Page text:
Saturday, October 10, 2009

My New (Actually My Longtime) Hero: Julian Bond

I had the pleasure of meeting Julian Bond when he spoke to a history class at American University where I served as the Teaching Assistant. I escorted him to the class, and in the time that we had together, I mentioned that we had something in common: a single sex college education. Bond ribbed me about not having gone to Morehouse College, and I let him know that I was able to blaze a trail at Hampden-Sydney, since no one in my family had been there (an older cousin of mine is a Morehouse man).

We met again a few years later in Richmond, when Bond served as the 2005 keynote speaker at the Commonwealth Dinner for Equality Virginia. He remembered our men's college connection, and I thanked him for serving as a speaker on the issue of gay rights. In that speech, Bond made a very cogent argument showing the connection between the Civil Rights Movement and the Gay Rights Movement.

It was with great surprise that I saw this op-ed in yesterday's Washington Post. Once again, Bond reiterates his full support of GLBT equality by heartily endorsing the Equality March set for DC tomorrow, and he shows once again the connections between the two rights movements. Bond belongs to a small minority of black leaders, past and present, who speak forcefully and publicly in favor of gay rights, and for this I say thanks, once again.

Read Bond's op-ed, or watch the following video of Bond speaking to the Los Angeles chapter of the Human Rights Campaign, the nation's largest gay rights lobby. It's a compelling presentation, and one that I think more than quells those weak attempts by too many to deny a relationship between the rights movements. And, I especially want black folks to listen to what Bond has to say here, and I dare them to challenge his understanding of Civil Rights history:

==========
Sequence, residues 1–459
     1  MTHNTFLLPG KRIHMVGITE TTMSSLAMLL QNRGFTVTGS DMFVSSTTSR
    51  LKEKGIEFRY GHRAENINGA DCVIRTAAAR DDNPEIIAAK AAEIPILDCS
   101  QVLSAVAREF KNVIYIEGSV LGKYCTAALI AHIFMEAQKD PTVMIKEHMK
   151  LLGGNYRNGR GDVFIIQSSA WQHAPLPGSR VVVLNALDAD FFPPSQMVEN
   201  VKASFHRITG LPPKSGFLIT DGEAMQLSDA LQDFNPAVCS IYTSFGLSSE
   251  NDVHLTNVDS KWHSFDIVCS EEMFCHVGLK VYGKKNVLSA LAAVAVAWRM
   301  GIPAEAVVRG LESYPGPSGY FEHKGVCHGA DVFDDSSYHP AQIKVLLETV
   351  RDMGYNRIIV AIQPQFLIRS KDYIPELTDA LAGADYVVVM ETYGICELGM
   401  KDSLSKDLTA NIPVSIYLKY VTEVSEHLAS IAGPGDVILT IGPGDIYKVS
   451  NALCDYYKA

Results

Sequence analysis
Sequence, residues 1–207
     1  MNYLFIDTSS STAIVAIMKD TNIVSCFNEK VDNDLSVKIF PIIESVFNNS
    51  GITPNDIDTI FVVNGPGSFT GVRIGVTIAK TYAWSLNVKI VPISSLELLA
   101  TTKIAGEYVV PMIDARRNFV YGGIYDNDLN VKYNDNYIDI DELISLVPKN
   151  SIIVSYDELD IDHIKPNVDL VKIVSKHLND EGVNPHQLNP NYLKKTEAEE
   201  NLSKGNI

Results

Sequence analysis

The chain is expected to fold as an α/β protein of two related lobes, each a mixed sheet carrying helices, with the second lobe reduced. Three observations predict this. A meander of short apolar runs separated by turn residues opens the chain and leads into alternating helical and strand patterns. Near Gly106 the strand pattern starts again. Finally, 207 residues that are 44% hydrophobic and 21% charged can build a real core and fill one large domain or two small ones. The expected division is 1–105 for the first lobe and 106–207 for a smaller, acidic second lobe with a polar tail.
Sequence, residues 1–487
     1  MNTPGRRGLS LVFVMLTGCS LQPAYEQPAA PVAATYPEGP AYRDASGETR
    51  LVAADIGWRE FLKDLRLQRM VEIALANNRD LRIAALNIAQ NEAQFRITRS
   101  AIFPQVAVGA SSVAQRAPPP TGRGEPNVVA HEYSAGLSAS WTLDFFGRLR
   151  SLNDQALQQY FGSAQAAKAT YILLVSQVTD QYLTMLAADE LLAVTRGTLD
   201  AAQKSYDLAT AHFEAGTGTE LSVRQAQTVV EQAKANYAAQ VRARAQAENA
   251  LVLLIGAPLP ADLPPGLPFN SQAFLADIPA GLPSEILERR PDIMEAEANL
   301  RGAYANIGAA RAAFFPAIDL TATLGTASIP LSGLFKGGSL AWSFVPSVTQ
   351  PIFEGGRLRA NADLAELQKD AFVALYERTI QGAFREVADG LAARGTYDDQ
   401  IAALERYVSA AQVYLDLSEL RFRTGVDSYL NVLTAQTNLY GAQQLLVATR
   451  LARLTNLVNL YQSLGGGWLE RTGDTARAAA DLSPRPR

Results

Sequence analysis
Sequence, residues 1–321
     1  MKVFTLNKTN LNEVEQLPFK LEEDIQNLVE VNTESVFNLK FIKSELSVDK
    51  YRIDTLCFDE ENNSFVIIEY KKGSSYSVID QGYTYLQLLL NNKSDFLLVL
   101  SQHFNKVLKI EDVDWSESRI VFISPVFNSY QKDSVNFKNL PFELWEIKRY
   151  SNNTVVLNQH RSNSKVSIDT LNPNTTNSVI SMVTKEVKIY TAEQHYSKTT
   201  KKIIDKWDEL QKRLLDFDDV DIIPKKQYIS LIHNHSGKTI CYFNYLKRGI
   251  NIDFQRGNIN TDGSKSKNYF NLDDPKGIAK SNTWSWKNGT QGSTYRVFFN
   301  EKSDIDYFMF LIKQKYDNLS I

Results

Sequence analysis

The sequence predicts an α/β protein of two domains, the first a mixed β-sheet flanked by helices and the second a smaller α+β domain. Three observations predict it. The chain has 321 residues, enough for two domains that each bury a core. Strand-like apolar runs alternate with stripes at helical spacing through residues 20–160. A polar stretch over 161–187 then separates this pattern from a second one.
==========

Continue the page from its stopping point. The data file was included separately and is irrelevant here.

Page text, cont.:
Anonymous said...

I'm surprised to hear you say that Julian Bond is your hero. He seems to be a figure of hate and intolerance. You rightly criticize Right-wing figures for using overheated rhetoric, but it was Bond who said "[The Republicans'] idea of equal rights is the American flag and the Confederate swastika flying side-by-side." He also referred to Secretaries Rice and Powell as "tokens" and compared Bush's judicial nominees to the Taliban. This is your HERO?

But he has done great work with various organizations, right? He founded the Southern Poverty Law Center, which the liberal Harper's magazine wrote that in 2007 "the organization was spending twice as much on fund-raising as it did on legal services for victims of civil-rights abuses…" Or how about his leadership of the NAACP? What does it actually do? Do they feed people? Educate children? Provide job-training? They lobby. I went to their website looking for the concrete steps that they have taken to help African-Americans. Here is the description of "Field Operations" division: "Through civil rights advocacy and community organization, each Unit of the NAACP works to improve the political, educational, social, and economic status of minority groups and eliminate racial prejudice. They keep the public aware of the adverse effects of racial discrimination and take lawful action to secure its elimination." Where are the verbs? "Advocacy" and "keep[ing] the public aware" of discrimination. It hardly sounds action oriented. But surely they must actually have DONE SOMETHING under Bond's leadership. How about their National Prison Project? Maybe they are training prisoners for jobs, or helping prisoners get GEDs? Nope. "The purpose of the NAACP Prison Project is to promote partnerships, legislation, and initiatives that positively impact inmate recidivism…" They lobby other groups (the government) to do the real work. This is your hero? A guy who spews hatred and leads organizations that are devoted to…their own existence.

First your new hero is Rep. Grayson who says that Republicans want a holocaust in American and now this?

hscfree said...